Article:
The Southwest Citizen (Houston, Tex.), Vol. 4, No. 12, Ed. 1 Thursday, September 21, 1950 Page: 1 of 18
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CoH KM 181 or KE-8587
THE SOUTHWEST CITIZEN
FOR BOTH NEWS
AND ADS, CAU.
KM 181, JU-3333
Serving Southwest Houston, West University, Southside and Hyde Park
5 Cents Per Copy
HOUSTON, TEXAS, THURSDAY, SEPTEMBER 21, WO
$1.50 Per Year by Mail
WUPTo Run Terry For Mayor, Three New Councilmen
In The News
By JOHN MURPHY
Thought for the day: Come
the revolution and minks will
be wearing people.
Somebody was telling the
story the other day about the
ticket scalper who applied for
“What's the idea?” the clerk
the scalper re-
that new stadi-
um out at Rice
we’re out of
of the guys are
going over to
the other side
but I'm strictly
legitim ate. I
ain’t gonna scalp football fans
if they never fill them 70,000
Whether Houson will fill that
new stadium or not is one of the
hottest bull session topics of the
day. We haven’t heard anybody
ask whether Jess Neely was go-
ing to have a good football team
or not. You say something about
Rice football these days and
somebody’s liable to say “Are
they gonna have a team, too?”
But the thing that’s worrying
us is what’s going to happen to
those boys who maintained a
high social standing because they
knew somebody who had four
(Continued on Page 3)
To Meet Wednesday
The DeMolay Mother’s Club
meets Wednesday. September 27,
at 7:30 p.m. at the home of Mrs.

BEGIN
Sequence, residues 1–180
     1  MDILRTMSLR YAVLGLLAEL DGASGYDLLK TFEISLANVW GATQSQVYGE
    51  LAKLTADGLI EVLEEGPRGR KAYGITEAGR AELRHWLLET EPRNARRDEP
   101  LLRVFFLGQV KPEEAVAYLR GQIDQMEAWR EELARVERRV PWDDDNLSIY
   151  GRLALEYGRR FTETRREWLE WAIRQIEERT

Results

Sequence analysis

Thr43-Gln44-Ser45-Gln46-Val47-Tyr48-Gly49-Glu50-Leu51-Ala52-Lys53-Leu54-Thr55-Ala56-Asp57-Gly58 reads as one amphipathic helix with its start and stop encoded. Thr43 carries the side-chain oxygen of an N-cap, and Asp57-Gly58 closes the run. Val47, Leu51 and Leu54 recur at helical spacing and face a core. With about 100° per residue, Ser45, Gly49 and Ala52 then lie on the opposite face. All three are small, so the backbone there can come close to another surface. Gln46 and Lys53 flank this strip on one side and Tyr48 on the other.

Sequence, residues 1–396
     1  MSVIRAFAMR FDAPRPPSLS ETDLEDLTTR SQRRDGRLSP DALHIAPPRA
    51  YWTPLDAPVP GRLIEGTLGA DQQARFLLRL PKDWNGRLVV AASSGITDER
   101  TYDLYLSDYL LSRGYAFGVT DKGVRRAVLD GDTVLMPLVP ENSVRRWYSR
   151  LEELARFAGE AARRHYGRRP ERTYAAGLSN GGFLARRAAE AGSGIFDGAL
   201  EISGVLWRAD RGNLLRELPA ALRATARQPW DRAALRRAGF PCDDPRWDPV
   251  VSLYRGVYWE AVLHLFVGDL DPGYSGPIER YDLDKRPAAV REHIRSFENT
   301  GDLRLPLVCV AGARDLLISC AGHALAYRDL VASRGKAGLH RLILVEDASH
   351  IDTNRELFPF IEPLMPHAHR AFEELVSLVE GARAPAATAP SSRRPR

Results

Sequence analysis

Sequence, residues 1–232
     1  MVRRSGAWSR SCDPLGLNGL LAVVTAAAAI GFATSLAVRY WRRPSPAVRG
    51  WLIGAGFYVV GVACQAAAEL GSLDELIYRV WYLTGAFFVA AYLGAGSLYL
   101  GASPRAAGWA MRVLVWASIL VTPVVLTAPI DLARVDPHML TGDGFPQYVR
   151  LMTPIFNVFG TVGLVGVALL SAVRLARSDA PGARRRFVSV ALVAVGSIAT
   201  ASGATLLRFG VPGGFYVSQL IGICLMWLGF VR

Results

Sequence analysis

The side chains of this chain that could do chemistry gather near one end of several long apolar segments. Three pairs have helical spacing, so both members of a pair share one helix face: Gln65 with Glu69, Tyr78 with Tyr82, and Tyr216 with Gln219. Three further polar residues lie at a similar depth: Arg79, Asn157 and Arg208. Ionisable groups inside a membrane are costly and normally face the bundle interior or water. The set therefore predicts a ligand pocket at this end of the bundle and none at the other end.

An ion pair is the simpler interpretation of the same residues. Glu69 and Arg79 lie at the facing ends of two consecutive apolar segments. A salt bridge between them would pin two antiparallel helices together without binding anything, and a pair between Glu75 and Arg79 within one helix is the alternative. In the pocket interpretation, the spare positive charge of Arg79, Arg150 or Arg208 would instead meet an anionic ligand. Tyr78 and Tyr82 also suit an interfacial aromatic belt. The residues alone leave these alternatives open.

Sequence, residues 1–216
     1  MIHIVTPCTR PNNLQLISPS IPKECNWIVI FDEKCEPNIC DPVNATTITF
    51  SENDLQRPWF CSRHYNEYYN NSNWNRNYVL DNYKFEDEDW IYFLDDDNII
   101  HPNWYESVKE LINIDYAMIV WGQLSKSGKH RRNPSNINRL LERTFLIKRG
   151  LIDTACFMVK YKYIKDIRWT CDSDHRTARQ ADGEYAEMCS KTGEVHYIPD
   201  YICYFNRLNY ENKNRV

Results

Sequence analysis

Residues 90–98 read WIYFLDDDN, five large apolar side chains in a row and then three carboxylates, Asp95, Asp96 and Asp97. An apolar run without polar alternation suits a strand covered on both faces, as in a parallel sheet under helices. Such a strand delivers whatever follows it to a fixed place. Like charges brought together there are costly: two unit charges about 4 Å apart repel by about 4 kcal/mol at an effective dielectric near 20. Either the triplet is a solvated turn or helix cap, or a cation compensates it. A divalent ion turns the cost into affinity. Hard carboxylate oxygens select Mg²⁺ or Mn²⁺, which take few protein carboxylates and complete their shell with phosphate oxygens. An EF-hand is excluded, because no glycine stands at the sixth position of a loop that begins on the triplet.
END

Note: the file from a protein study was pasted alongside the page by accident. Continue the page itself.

V. E. Cammack, 2019 Hulby.
Co-hostesses will be Mrs.
Eugene German and Mrs. Clyde
Injuns Live Up
To Press Rating
Coach Bob Schulze’s Lamar
Redskins, who look destined
for another banner year, lived
up to their pre-season press
notices in their 13-7 conquest
of a stubborn Robert E. Lee
eleven last Friday night.
Citizen Staff Photographer
Dan Hardy snapped a “dilly”
of an action picture of the tilt
and to see it, turn to today’s
Citizen sports page. Also on the
sports page, be sure to read
Wayne Puddlesten's first-hand
article on the Indians' chances
against Forrest High of Dallas
at Public School Stadium Sat-
Remember—keep up with
Lamar's gridiron fates and for-
tunes in The Citizen every
President William Green of the American Federation of
Labor, right, and Troy Slaughter. President of the Houston Labor
and Trades Council.
Houston laborers join international labor leaders in holding
the local limelight this week as 5000 delegates and visitors
attend the American Federation of Labor Convention in this
William Green, perennial president, directs the week-long
sessions at City Auditorium, where such VIP’s as Vice President
Alben Barkley spoke. Localites on the opening program in-
cluded Mayor Oscar Holcombe, Chamber of Commerce Presi-
dent P. P. Butler, President Charles A. Ditnar of the Houston
Building Trades Council, Secretary N. E. Coward of the Hous-
ton Metal Trades Council, and President Troy Slaughter of
the ^Houston Labor and Trades Council. Slaughter, general
chairman for the convention program, was aided by Dan W.
(Continued on Page 3)
Plan Fall Activities
Girl Scout District Chairmen
met in the YMCA last week to
discuss activities of the summer
and plan for the opening fall
season. Mrs. Carl Oxley, Vice
President of the Houston and
Harris County Girl Scouts called
the meeting and gave an en-
thusiastic account of work in the
Girl Scout World.